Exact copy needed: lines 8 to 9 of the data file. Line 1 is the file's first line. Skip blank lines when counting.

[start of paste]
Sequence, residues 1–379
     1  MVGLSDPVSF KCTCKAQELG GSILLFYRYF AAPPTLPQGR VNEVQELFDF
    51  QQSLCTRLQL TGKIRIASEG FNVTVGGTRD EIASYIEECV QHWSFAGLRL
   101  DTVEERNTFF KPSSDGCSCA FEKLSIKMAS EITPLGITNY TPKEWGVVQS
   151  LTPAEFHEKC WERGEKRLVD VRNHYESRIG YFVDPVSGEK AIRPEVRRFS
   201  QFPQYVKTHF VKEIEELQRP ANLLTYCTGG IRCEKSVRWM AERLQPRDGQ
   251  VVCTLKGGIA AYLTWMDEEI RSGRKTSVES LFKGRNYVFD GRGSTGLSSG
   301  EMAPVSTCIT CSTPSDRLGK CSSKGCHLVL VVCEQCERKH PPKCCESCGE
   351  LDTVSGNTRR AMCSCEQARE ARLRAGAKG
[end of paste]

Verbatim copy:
   301  EMAPVSTCIT CSTPSDRLGK CSSKGCHLVL VVCEQCERKH PPKCCESCGE
   351  LDTVSGNTRR AMCSCEQARE ARLRAGAKG